NLP and Text Mining
Are you working on an NLP project where you’re mining the text from articles to which the university is subscribing as an institution? Talk to me about it. There are very restrictive policies that MANY publishers have put into their contracts to discourage text mining.
****Warning – The next paragraphs are going to be me getting on my soapbox (again)****
Personally, this information hoarding is an unfair practice in my opinion and restricts the advancement of science. I am certain that the author’s of these works never intended that their research findings should not be propagated. And while I realize that we live and thrive in a capitalistic society, it gives me little comfort that we are being asked to pay, pay, pay, pay…especially for research that has mostly been funded by our own tax dollars. We have every right to be able to access information readily. This is the fundamental cause as to why I am a librarian. Everybody has a right to information. It is the singly most valuable commodity in the world. It has the ability to empower anybody.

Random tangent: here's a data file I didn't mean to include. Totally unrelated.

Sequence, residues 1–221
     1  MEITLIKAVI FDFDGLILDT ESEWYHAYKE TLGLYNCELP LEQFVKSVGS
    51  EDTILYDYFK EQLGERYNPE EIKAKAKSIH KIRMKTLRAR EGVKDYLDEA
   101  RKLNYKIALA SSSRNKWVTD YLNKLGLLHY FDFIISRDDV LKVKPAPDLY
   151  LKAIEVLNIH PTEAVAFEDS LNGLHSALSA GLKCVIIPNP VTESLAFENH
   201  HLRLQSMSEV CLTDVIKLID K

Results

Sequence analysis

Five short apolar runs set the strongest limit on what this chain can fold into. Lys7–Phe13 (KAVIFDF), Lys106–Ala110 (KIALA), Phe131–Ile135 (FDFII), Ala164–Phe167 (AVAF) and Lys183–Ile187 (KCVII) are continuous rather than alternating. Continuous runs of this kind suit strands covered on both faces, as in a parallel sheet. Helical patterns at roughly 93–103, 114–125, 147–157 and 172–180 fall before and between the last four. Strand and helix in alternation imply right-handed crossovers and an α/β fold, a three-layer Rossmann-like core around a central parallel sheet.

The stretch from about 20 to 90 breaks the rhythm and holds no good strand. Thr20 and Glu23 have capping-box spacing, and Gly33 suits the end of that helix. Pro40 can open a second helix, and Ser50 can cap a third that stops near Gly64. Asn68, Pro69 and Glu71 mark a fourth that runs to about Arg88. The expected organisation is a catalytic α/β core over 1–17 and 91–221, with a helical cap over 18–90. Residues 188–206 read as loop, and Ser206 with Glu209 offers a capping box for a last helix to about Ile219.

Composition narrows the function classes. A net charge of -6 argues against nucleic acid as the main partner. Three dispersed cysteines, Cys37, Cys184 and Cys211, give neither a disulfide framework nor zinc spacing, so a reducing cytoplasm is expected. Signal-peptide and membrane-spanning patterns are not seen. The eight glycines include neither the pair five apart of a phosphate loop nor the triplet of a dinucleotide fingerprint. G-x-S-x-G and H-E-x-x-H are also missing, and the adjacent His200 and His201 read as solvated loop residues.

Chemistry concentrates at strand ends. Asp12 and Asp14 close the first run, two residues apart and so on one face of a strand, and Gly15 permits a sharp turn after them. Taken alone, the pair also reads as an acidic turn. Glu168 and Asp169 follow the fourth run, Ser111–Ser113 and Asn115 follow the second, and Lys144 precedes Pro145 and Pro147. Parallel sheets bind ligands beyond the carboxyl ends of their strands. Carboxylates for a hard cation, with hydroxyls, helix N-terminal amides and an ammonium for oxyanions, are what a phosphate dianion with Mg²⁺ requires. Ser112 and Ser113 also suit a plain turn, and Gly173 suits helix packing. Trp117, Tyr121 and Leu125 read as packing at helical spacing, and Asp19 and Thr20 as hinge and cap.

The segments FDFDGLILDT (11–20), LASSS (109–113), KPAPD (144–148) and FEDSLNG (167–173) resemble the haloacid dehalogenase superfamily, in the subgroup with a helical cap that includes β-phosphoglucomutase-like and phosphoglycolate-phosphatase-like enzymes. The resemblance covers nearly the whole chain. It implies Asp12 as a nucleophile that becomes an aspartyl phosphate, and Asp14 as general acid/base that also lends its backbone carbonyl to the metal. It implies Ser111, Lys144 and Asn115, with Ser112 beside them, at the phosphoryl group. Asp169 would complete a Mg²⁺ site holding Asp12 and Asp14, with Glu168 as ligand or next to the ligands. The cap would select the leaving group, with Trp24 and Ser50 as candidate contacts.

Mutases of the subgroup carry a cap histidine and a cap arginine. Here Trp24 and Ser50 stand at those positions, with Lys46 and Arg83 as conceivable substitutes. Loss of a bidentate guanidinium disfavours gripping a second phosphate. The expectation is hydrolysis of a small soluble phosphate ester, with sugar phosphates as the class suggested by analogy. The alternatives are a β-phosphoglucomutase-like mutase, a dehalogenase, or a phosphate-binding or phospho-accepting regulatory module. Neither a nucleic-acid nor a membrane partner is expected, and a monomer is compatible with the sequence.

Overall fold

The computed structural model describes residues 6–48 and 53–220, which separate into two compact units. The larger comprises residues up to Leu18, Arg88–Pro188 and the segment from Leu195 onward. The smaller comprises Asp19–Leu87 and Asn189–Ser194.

The NIH Public Access Policy is a nice step toward information nirvana, but we still have a long way to go. It’s not reasonable to expect that a researcher can easily cull through 18 million articles even with the most advanced search engines available. Human indexing and algorithms on abstracts alone cannot achieve the precision that we seek. A computational solution against the full text is not only reasonable but necessary.
Librarians struggle with publishers all of the time. Libraries pay soooooooooo much money for access. How can we possibly be expected to pay even more for information that we have already paid for? There is a limit to how much fruit the money tree can bear. There is a limit to how much librarians can bear.
Come on publishers. Do the right thing here. Doesn’t the public deserve it?